The MobileXPRT benchmark runs through a variety of tests to evaluate the responsiveness of a device along with its ability to handle many everyday workloads. With this test, please note: lower individual test scores equal faster complete times in the top group of tests in this grid, but a higher "Overall Score" numbers indicates better performance. In the User Experience test group, higher numbers overall indicate better performance/results.
Mobile XPRT Benchmark Tests - Click to enlarge
MobileXPRT paints a similar picture as AnTuTu, though the G3 is not far behind its rivals the Galaxy S5 and HTC One M8. It was pretty much nip and tuck the whole way.
|Graphics and Gaming Performance|
|GFXBench has been one of our standard graphics performance benchmarks for a while. Recently, the company updated its software to version 3.0. With this new version, the old tests are no longer available to run for comparison. Still, we were able to round up a handful of phones to give you a feel for how the LG G3 stacks up.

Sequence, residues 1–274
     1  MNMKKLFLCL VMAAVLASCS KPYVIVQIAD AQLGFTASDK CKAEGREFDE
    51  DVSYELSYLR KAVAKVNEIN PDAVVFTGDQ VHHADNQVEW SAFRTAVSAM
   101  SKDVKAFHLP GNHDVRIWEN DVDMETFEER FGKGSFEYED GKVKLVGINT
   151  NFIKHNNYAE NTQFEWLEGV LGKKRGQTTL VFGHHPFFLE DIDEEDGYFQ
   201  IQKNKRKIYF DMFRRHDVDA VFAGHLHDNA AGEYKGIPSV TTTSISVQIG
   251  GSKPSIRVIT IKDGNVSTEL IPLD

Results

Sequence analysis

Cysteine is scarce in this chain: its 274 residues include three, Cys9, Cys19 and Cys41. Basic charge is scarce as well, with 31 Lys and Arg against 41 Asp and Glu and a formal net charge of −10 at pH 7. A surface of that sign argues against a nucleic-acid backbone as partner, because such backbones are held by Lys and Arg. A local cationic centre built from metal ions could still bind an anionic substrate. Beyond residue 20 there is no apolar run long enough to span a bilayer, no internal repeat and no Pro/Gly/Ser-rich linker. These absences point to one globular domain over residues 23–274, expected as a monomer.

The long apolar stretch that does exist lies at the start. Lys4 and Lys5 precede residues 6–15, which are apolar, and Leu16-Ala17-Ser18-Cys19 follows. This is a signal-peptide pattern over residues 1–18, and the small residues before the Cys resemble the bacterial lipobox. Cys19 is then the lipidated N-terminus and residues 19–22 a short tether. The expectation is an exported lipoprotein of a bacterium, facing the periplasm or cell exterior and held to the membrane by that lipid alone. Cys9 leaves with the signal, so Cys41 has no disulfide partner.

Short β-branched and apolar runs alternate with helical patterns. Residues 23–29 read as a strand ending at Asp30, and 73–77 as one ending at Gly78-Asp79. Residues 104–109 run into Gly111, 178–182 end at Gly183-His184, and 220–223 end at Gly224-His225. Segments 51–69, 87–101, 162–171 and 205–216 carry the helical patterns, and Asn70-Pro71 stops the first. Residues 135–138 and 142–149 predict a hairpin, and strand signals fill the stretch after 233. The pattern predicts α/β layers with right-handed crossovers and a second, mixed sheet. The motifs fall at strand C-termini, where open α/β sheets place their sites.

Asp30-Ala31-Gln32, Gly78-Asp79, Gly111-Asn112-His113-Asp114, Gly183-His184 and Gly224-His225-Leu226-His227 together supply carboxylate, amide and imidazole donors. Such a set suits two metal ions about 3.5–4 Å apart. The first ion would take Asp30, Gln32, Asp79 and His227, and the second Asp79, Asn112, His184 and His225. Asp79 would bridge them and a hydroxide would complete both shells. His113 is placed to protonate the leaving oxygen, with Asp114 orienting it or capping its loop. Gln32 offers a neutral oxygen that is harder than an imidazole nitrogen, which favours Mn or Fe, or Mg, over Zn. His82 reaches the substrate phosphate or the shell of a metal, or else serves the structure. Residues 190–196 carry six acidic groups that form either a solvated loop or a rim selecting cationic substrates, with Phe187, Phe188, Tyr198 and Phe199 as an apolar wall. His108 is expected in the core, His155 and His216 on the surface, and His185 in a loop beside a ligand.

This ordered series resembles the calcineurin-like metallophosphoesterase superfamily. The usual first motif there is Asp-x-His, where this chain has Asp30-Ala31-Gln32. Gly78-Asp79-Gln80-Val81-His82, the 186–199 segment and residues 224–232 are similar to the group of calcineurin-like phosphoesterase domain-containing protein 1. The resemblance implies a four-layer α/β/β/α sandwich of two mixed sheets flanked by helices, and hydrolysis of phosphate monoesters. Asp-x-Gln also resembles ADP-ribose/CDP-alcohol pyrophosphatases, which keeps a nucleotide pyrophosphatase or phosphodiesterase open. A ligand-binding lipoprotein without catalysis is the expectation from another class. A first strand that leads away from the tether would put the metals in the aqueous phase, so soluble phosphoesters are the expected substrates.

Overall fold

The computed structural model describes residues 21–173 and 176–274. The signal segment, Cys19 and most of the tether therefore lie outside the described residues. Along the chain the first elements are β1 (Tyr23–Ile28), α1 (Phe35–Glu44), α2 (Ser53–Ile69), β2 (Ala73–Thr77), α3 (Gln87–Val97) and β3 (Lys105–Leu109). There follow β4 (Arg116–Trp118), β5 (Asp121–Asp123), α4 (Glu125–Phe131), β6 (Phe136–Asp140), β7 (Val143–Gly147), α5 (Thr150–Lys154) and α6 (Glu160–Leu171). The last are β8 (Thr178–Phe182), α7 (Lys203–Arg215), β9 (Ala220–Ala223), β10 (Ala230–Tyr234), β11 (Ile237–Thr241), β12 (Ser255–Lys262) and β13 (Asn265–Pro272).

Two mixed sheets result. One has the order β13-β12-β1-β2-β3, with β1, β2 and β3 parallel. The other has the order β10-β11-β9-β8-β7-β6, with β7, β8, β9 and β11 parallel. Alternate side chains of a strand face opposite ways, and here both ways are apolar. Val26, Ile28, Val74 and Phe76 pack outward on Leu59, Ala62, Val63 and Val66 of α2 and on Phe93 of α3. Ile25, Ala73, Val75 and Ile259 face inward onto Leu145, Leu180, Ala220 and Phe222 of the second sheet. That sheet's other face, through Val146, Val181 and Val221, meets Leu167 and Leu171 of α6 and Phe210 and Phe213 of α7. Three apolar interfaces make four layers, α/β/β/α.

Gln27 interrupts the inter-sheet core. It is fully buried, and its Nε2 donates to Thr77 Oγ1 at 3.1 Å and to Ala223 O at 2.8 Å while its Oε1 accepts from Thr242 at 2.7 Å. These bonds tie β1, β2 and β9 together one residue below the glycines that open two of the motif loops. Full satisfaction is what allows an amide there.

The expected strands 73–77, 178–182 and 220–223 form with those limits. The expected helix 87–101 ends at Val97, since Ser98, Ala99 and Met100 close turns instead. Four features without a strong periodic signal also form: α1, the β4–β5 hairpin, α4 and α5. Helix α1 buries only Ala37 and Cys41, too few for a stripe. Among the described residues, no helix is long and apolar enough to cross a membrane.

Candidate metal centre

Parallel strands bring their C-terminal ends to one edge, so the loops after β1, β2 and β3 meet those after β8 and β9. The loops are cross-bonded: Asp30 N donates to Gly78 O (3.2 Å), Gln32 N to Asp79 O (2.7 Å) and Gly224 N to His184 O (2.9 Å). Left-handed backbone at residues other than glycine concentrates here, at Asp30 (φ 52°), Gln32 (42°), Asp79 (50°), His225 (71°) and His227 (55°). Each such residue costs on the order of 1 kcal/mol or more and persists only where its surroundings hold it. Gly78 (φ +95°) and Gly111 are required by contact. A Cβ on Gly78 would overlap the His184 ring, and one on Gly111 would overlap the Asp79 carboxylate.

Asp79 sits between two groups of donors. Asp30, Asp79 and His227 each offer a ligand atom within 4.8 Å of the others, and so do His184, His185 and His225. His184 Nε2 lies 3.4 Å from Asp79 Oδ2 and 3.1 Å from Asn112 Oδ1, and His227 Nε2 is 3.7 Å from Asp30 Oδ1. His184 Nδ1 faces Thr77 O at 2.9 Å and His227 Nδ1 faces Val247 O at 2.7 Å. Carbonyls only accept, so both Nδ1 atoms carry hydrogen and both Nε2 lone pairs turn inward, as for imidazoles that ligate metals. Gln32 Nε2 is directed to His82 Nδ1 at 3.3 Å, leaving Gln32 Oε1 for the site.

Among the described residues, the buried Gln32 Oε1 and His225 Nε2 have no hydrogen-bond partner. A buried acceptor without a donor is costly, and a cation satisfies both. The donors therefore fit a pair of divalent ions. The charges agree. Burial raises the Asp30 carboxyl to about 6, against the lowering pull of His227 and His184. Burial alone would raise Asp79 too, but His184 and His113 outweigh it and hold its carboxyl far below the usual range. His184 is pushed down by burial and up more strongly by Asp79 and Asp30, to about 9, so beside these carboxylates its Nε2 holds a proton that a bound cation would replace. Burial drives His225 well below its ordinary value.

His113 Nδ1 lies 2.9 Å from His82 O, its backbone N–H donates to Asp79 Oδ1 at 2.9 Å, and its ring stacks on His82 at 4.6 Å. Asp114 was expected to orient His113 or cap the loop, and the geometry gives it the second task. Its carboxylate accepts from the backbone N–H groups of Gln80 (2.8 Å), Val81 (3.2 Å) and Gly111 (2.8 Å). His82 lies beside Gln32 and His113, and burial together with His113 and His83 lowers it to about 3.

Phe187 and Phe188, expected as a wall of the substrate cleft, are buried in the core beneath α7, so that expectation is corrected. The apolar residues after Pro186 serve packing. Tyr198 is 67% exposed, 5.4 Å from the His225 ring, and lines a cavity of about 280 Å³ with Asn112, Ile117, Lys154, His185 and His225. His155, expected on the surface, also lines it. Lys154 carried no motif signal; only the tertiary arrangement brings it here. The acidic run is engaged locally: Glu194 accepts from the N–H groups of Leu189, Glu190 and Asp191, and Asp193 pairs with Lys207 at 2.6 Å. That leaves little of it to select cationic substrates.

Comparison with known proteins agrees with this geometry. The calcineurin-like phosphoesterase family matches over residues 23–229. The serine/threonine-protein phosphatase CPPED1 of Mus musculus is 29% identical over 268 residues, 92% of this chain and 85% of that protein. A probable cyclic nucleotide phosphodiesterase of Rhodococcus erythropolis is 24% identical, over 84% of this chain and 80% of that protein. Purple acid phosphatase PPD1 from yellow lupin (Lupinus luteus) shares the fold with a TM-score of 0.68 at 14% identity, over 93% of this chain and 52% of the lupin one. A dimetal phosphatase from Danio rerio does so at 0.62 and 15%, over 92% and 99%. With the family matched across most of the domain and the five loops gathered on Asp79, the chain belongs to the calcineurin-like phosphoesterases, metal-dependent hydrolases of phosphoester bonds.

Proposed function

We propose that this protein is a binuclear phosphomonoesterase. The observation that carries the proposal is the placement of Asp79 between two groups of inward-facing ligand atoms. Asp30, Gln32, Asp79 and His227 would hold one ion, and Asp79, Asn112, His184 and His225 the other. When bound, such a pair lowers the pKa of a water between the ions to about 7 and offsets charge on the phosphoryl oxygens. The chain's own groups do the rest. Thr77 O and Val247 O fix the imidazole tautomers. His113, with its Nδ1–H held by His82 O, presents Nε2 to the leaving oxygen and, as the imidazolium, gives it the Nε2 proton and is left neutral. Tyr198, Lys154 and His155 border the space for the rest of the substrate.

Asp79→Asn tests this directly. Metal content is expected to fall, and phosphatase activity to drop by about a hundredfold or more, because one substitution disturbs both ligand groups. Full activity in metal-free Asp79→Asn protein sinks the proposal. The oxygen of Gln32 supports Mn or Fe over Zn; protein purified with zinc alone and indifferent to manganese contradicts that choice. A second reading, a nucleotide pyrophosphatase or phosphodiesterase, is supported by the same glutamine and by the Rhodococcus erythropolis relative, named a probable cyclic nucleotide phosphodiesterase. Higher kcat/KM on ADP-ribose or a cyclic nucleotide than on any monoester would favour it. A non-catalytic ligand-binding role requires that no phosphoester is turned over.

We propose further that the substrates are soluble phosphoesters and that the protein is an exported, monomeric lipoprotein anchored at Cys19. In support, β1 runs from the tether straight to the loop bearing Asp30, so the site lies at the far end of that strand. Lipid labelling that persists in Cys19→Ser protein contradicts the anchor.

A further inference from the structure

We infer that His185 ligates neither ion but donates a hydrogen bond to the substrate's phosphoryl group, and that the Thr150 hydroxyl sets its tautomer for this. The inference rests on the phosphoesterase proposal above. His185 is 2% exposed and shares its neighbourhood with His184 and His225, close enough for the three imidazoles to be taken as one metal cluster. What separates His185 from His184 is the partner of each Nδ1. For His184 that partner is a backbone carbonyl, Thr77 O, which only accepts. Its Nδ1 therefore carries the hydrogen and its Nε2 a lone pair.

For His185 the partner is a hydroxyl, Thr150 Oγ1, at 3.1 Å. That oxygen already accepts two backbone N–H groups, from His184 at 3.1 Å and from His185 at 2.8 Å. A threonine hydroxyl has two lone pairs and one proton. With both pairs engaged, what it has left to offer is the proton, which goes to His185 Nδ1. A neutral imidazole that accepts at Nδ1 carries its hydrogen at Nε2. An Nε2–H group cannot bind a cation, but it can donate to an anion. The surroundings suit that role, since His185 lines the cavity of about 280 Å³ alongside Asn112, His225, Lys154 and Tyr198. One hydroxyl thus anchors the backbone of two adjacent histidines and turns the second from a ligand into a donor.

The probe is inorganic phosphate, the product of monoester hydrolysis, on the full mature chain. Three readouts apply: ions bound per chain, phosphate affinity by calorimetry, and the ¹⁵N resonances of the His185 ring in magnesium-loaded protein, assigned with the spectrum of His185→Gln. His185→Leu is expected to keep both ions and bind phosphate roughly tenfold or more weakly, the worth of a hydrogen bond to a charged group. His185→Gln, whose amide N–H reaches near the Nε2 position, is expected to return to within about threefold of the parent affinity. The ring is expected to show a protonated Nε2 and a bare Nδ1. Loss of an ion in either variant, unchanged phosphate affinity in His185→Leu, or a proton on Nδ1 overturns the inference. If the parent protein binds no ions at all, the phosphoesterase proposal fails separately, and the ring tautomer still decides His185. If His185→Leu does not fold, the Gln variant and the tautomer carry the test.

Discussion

Here the LG G3 offered strong performance in this gaming-centric benchmark run. The device took top spot in terms of overall available graphics fill rate and kept pace with the Galaxy S5 in the more standard T Rex game play test run. Interestingly, LG's own G Flex and the HTC One M8 were able to outpace both the G3 and GS5 in this test but by smallish margins.
We've come to place a lot of stock in Futuremark's latest mobile 3D gaming benchmark, 3DMark Ice Storm. The test scores device performance in a number of areas, from pure polygon and shader processing to physics calculations. Futuremark is also very good about policing benchmark results in their database, looking for manufacturers trying to gain an edge by "optimizing" for the benchmark.